HK gets first taste of rule by Peking

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China yesterday organised a set-piece event which gave the people of Hong Kong a good idea of what it will feel like next year when Peking resumes sovereignty over the colony.

Outside it looked and felt like Hong Kong. Demonstrators chanted democracy slogans while limousines drew into the forecourt of an adjacent hotel, disgorging expensively dressed patrons. Inside the ultra- modern Convention Centre, Chinese officials managed perfectly to reproduce the appearance and atmosphere of Peking's Great Hall of the People.

Under a red backdrop, with the five-star emblem of the People's Republic at its centre, the 400 members of the committee supposedly "electing" Hong Kong's first post-colonial head of government, or Chief Executive, sat silently while they were lectured by Qian Qichen, China's Vice-Premier and Foreign Minister, who has primary responsibility for Hong Kong in the Chinese hierarchy.

They were told that they had a solemn duty to perform and that, unlike the colonialists, China was giving Hong Kong people a real opportunity to elect their leader. Listening were a group of tycoons who could, if they desired, have liquidated China's national debt and still had more than enough left over to add to their collections of Rolls-Royces.

They form the most influential contingent in the Selection Committee, which yesterday completed the first stage of the "election". Not surprisingly, they were being called on to choose one of their number as the first Chief Executive. Any doubt that China's preferred candidate will be chosen at the second stage, on 11 December, was dispelled when the shipping tycoon Tung Che-Hwa was nominated by 206 of the committee's members.

In the polls, he is trailing the former chief justice Sir Ti Liang Yang, but the public is not being allowed to vote and so Sir Ti Liang secured only 82 nominations from the electors who count. As one of the other trailing candidates, the businessman Peter Woo, said, public opinion is "only a piece of data" and matters little in this race.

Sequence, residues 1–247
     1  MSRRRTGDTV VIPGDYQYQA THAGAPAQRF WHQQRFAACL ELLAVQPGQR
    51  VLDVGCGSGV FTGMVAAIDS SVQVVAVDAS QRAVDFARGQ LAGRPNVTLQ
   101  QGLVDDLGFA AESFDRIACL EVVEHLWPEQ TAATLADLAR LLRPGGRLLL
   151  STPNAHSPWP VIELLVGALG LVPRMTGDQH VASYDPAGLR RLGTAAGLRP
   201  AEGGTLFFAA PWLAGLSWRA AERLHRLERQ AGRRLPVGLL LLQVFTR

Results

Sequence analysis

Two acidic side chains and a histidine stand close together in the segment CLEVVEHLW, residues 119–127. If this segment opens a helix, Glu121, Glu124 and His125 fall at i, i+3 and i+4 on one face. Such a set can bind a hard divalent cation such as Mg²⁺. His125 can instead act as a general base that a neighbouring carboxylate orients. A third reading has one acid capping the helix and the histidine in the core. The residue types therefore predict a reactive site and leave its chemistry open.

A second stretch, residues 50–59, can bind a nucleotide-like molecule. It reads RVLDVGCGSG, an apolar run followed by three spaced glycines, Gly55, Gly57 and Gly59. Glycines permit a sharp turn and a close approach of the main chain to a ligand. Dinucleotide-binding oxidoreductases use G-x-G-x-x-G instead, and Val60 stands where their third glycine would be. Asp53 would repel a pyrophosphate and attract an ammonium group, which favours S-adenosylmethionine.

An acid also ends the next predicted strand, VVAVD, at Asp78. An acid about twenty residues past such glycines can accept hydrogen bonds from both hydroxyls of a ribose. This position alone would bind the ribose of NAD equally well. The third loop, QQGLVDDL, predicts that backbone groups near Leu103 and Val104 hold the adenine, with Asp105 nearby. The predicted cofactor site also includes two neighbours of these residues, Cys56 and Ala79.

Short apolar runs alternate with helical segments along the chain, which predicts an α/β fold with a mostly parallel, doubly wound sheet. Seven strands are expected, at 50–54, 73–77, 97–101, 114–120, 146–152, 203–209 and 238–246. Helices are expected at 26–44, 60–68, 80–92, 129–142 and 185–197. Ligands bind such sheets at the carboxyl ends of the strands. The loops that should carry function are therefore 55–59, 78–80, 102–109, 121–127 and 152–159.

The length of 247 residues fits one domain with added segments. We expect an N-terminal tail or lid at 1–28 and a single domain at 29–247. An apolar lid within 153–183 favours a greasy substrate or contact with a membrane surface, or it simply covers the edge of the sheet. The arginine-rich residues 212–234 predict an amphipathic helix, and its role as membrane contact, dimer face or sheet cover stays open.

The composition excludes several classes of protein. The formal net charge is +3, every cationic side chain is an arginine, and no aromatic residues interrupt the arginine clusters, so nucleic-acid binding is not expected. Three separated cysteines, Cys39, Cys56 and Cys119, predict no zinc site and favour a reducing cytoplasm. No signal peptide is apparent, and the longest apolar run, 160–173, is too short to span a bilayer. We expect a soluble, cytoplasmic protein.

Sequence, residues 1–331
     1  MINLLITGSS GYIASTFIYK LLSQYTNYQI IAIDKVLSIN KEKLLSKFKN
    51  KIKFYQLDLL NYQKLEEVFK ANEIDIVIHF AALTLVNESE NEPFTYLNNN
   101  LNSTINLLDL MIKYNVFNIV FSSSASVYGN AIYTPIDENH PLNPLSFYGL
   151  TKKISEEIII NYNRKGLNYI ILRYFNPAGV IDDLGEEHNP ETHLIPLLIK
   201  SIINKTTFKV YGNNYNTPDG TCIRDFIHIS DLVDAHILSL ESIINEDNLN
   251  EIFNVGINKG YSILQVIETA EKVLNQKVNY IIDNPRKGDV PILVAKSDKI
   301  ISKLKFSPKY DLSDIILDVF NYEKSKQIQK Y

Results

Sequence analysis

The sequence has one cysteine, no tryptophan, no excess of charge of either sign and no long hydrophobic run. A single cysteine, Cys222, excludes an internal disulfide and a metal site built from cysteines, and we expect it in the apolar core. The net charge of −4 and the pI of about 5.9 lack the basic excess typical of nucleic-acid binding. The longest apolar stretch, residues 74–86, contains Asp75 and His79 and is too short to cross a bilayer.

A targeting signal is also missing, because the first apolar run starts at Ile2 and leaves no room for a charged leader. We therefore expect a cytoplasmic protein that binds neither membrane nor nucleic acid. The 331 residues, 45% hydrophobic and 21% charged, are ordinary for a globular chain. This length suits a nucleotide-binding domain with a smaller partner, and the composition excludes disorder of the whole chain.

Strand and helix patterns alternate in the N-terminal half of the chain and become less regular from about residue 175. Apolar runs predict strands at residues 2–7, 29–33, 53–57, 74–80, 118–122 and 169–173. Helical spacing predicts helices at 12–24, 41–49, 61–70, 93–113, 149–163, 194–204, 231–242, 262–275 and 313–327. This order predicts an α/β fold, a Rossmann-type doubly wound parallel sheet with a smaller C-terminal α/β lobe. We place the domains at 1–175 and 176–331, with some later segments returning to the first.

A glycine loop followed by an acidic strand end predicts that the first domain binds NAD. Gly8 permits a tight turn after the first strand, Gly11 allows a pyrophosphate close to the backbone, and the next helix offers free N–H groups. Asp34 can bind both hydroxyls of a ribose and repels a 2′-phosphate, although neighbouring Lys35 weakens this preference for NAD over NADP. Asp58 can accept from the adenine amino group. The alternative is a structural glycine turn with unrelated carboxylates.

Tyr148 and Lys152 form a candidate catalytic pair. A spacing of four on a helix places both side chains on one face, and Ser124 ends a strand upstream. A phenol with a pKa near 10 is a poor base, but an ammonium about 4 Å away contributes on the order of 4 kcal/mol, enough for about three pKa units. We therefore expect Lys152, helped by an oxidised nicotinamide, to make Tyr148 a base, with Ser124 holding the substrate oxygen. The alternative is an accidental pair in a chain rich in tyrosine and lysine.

Mr Qian was sensitive to criticism that it was something of a farce. "People must not think the Chief Executive has been pre-ordained," he said. Mr Tung was equally keen to preserve the illusion of a real contest. "I don't think it's a foregone conclusion," he said. The illusion of a contest is important to sustain Mr Qian's claim that "the process of setting up the Selection Committee is the real beginning of democracy in Hong Kong and not the end".

Another interpretation of the committee's work came earlier in the week from a legislator, Leung Yiu-chung, who described it as "foul grass growing out of a foul ditch". He was expelled from the Legislative Council, worsening the relationship between pro-Peking and pro-democracy forces. Another legislator,Yeung Sum, when asked why he had joined a vigil to protest against the Selection Committee, said: "If all of us disappear, people will think that people in Hong Kong are very complacent. We need to make our voice known."

The protesters tried to present a letter to Mr Qian, but only managed to pass it to a minor official. The Vice-Premier has never before paid a formal visit to Hong Kong. Yesterday he was whisked across the border in the morning and left as soon as he could in the afternoon so as not to coincide with the Governor, Chris Patten, who was returning from Europe.

Meanwhile, in the hall where the "election" was taking place, there was no hint of any symbol other than that of the People's Republic. Reporters were subject to strict vetting, which is typical of how business is conducted in Peking. It did not seem that 1 July was 228 days away.

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